Before starting to broadcast, they received training about working in radio and TV and established a team of four to six that agreed to rotate from programme to programme. That is how La Hormiguera started. It is broadcast weekly on radio and TV and can also be seen on SINTRADI's Facebook page. Celina is mainly in charge of interviews. As part of each show they invite a specialised professional, such as a psychologist or a lawyer. "I like doing the show, I feel we all work together and there is trust amongst the team. Over time we’ve improved a lot, things flow better," says Celina.
The programme was conceived as a tool for dissemination, debate and training. Many women learn about SINTRADI through the programme and contact the team asking for more information to join the union. Recently, they launched a new segment in which they cover articles of the Domestic Work Law, hoping to clarify doubts about the different modifications that were made and so that listeners know how it protects them.
"We were afraid we’d come up against viewers and listeners opposed to the programme," says Celina, "because domestic workers never had a voice and, suddenly, we were on a well-known channel in the city talking about laws, about rights. But we receive very positive comments and that gives us strength."
La Hormiguera became a platform for sharing knowledge, pooling resources, and demonstrating their collaborative and autonomous work. It delivers an alternative voice to strengthen the rights of domestic workers.
COVID-19 and job insecurity
The streets of the Commercial Circuit of the city of Encarnación have been quiet and almost empty for more than a year. With the outbreak of COVID-19 and the consequent preventative measures, hundreds of businesses were closed and those that managed to stay open have reduced their staff to the bare minimum.
Hotels, bars and restaurants suffered the same fate. With the lack of shoppers from the neighbouring city of Posadas, Argentina, and the economic crisis caused by quarantine, tourism and commerce suffered severely. Women, a clear majority in the employment force in both sectors, were the ones most affected. And, among them, the group most affected is probably that of domestic workers.
During the pandemic, SINTRADI did not receive any institutional, local or national support. Within the framework of projects implemented with organisations such as Fondo de Mujeres del Sur and the International Domestic Workers Federation (IDWF), of which they are founding members, they organised activities and raised money to create food packages to distribute and organise community soup kitchens, one of the most common community solidarity practices during the pandemic and generally promoted by women. "We supported more than two thousand people with the community soup kitchen and we reached more than two hundred families with the food packages," says Librada.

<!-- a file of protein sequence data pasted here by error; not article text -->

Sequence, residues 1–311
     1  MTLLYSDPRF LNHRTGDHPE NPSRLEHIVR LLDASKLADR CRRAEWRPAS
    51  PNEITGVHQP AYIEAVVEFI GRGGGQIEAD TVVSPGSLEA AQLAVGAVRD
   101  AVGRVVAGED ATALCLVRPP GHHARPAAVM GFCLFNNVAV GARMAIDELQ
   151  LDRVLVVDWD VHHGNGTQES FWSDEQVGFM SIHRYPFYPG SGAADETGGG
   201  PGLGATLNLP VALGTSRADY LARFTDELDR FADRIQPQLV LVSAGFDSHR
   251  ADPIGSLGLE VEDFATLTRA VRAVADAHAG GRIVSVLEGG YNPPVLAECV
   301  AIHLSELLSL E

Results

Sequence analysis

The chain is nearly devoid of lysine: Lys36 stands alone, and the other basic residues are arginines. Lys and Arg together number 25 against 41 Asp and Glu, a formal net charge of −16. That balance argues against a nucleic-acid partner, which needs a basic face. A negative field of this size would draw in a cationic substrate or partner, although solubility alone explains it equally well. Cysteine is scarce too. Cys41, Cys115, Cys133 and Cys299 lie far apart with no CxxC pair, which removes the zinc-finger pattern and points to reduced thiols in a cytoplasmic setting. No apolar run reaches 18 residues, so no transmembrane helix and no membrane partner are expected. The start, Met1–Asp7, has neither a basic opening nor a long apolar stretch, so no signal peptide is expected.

Such organisation was key to alleviating the difficulties that domestic workers were experiencing. "Many of us lost our jobs," says Ludi, "they cancelled the bus service and we had no way to get around. They also fired us for fear that we would bring the virus into their homes because we use public transport, and almost none of us have our own vehicle. For many their hours were reduced." According to data from the investigation "Discrimination against working women in the context of the COVID-19 pandemic," carried out by Kuña Róga and the Central Unitaria de Trabajadores (CUT), 95% of the workers that were dismissed or suspended did not receive compensation because they were not enrolled in the IPS social security system, despite this being a requirement established by the law.
The pandemic also hit them hard with the loss of two colleagues to COVID-19. Victoria and Maximiliana were longstanding union members and actively participated. "I always remember that we organised the last community soup kitchen at Victoria's house," says Librada. The death of these colleagues, victims of an absent State, will undoubtedly leave its mark on the heart of the union. The situation continues to be delicate, with many colleagues being affected by the virus.